Cliff Notes Guide to Wikileaks Biggest Release Yet

Superbombs and Secret Jails: What to Look for in WikiLeaks’ Iraq Docs


By Spencer Ackerman |

The Afghanistan war logs were just the beginning. Coming as early as next week, WikiLeaks plans to disclose a new trove of military documents, this time covering some of the toughest years of the Iraq war. Up to 400,000 reports from 2004 to 2009 could be revealed this time — five times the size of the Afghan document dump.

It’s a perilous time in Iraq. Politicians are stitching together a new government. U.S. troops are supposed to leave by next December.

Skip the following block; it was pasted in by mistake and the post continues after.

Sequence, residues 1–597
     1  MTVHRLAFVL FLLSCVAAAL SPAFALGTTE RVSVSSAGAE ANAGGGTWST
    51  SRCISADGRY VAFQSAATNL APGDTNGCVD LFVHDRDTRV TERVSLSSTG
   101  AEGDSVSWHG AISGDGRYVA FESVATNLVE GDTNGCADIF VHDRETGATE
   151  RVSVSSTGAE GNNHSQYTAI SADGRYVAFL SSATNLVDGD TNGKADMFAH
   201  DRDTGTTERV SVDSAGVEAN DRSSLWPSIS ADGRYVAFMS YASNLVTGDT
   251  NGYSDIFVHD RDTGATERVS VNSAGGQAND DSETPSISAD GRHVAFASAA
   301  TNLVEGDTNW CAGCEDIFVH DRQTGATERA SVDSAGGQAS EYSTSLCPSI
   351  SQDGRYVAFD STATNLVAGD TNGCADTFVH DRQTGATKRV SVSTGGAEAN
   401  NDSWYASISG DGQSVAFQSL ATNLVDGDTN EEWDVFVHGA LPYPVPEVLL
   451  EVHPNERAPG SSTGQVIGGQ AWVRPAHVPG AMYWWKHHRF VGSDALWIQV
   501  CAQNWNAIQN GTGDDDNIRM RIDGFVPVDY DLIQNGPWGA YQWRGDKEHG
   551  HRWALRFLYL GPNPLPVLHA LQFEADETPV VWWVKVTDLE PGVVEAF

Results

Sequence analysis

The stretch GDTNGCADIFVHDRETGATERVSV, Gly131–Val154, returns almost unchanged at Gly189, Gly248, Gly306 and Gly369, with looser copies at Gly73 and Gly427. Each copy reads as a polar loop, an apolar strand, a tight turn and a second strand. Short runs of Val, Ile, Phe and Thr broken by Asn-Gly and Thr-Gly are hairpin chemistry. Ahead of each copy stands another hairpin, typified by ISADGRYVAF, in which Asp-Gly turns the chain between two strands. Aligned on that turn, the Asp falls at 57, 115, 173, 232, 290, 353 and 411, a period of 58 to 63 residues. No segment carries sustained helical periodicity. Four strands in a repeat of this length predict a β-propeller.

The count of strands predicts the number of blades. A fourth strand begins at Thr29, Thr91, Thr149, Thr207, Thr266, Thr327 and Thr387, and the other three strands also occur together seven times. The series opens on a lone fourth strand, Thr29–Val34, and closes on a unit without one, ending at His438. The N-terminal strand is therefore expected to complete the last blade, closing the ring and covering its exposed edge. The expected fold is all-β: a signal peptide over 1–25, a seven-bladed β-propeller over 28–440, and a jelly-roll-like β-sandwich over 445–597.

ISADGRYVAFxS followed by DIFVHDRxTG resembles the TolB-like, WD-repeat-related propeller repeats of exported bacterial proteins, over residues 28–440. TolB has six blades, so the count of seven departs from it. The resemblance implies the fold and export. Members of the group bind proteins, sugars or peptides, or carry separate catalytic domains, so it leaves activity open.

Pentagon leaders were furious over the Afghanistan documents, but the American public largely greeted them with yawns. Iraqis might not be so sanguine.

It’s hard to imagine Iraq will fall back into widespread chaos over the disclosures. But they can’t be good for the United States, as it tries to create a new postwar relationship with Iraq, or for the 50,000 U.S. troops and diplomats still over there.

We don’t know what’s in the documents. But here’s what we’ll be looking to find in the trove — and some unanswered questions that the documents might address.

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